Many of the scientists who had designed and, overseen the atomic bomb project were horrified by its outcome. Robert Oppenheimer, director of the Los Alamos laboratory where the key work had been carried:out, predicted that the time would come when man would curse the names of Los Alamos and Hiroshima. Many of his fellow scientists shared this sentiment. What had started out as a fascinating physics experiment had ended with the blackened corpses of almost 120,000 human beings.
The atomic bomb turned the civilised world on its head. In the field of politics, war could no longer be looked upon as a tool of diplomacy; military planners were faced with the fact that weapons no longer implemented strategy - they determined it (and so serious was the bomb's military impact that the US Army promptly disbanded its cavalry division); and moral philosophers everywhere were confronted with a dilemma unparalleled in the whole history of modern thought. But it was, perhaps, the scientists who were most affected. Some of the finest minds of the 20th century had worked out the physics of the atomic bomb, acting in good faith that they were helping to save a free world from the tyranny of Fascism. When, immediately after the Japanese surrender, the United States announced plans for a programme of further atomic weapon tests, these brilliant minds realised that they had been upstaged by a farm boy called Harry Truman. But this Harry Truman was the President of the United States, a man who dealt in facts, not physics theories. So disillusioned were some of the top scientists who had worked on the bomb project that, as we now know, they betrayed its secrets to the other great world power, the Soviet Union. That these men acted from high moral motives cannot be denied - they hardly compare with the miserable nonentities we normally associate with treachery. Perhaps the high-minded scientists foresaw the dangers that could arise from a one-country monopoly of this awesome new weapon, and sought to lessen the menace by creating a kind of balance of terror.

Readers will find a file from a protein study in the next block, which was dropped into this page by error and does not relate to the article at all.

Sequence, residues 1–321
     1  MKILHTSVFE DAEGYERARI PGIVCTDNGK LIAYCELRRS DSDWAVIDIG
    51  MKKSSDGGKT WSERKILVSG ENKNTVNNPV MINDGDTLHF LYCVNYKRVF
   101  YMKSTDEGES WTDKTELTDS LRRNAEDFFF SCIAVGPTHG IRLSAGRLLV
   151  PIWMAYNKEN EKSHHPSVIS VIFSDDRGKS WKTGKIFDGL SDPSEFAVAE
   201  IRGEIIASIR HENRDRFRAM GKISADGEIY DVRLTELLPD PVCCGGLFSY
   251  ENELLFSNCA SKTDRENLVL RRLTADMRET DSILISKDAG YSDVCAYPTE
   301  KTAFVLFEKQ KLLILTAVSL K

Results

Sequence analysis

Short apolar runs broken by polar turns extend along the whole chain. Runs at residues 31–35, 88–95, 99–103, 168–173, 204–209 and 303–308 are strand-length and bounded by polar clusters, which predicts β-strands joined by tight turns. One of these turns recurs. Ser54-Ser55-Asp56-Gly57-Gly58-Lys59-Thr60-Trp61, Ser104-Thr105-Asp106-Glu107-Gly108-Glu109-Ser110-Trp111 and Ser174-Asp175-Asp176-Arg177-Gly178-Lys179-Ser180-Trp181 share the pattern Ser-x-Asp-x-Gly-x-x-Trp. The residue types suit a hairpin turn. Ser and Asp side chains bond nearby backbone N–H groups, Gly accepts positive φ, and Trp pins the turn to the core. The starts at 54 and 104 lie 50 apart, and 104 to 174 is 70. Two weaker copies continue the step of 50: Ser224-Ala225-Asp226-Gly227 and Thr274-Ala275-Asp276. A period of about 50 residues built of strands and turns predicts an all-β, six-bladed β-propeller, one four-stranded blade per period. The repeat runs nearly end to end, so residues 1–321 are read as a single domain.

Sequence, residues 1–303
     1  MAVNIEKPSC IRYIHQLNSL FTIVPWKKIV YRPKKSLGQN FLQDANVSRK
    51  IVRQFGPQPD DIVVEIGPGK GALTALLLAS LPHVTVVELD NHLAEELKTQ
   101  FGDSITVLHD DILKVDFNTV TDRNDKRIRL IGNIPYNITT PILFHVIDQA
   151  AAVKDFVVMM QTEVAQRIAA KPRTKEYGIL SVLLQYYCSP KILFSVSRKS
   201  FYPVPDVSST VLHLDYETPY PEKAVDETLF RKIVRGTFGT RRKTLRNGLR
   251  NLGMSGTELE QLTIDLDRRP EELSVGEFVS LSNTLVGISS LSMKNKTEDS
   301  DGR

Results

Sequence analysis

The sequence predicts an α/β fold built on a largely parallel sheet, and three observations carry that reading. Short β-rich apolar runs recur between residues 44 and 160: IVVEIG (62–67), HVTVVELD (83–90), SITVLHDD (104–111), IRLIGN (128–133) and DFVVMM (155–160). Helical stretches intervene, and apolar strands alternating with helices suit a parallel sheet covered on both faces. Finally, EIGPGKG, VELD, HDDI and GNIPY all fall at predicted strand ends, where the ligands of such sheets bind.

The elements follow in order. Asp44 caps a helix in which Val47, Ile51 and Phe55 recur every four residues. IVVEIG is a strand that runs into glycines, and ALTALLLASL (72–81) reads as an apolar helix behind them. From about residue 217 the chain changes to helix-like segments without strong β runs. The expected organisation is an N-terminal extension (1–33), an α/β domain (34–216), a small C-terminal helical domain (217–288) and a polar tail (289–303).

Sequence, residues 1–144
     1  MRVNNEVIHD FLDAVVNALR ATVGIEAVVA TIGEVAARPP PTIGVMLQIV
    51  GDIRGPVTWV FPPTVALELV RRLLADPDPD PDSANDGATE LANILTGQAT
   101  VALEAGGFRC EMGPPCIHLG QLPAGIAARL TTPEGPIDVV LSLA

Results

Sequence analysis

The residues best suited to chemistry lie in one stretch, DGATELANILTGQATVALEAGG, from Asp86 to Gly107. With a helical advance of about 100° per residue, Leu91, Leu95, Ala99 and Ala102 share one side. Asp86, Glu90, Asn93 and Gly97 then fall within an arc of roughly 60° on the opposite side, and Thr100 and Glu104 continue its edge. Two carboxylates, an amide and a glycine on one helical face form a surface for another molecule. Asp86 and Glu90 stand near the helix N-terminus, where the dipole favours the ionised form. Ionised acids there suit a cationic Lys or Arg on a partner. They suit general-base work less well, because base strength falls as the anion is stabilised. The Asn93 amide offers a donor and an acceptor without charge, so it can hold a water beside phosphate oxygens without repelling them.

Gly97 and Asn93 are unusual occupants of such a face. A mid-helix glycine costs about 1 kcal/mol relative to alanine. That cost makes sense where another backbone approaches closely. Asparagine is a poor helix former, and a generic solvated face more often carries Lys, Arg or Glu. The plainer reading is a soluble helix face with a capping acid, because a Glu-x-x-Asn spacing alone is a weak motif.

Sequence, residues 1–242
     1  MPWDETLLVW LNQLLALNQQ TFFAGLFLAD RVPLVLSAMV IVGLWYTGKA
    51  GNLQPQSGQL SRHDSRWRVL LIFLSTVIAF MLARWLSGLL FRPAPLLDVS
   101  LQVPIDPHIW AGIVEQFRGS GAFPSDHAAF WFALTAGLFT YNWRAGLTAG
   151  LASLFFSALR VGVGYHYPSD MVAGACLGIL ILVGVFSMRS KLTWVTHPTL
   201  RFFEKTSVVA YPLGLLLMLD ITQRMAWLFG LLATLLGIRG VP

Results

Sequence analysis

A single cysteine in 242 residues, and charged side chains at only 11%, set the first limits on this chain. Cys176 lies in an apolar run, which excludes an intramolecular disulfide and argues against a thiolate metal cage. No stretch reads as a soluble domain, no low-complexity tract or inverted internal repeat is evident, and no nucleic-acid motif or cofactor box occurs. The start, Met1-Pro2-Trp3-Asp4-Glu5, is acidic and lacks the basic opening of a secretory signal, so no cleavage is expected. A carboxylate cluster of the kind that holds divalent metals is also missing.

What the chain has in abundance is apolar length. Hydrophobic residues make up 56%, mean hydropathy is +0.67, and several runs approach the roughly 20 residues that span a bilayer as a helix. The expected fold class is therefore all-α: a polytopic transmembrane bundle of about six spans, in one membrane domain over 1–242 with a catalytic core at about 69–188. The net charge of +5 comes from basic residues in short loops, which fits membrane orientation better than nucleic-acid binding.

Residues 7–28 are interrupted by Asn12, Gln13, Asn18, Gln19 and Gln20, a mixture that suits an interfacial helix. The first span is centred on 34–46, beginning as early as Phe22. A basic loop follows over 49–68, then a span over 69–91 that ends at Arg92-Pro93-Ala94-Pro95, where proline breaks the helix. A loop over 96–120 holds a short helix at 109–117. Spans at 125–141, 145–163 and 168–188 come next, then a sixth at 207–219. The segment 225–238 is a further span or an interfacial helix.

In the late summer of 1949 it, was announced that the Russians had successfully tested an atomic bomb, cancelling the US monopoly of the secret. The whole world trembled. To many, a global conflict involving nuclear weapons seemed inevitable; it was a question of "when?", not "if". Thinkers and strategists expended huge amounts of intellectual energy on formulating ways in which such a war could be either prevented, forestalled, or fought to a successfull conclusion with minimal casualties. The concept of deterrent by the threat of "massive retaliation" to any use of atomic weapons was an early favourite. This gave way to the doctrine of "controlled and flexible response", a kind of "suck it and see", designed to allow a limited nuclear conflict in the event of a Russian invasion of Western Europe. In the final analysis the problem remains as unsolvable now as it was 50 years ago; the only thing that has changed has been the level of public fear of nuclear war.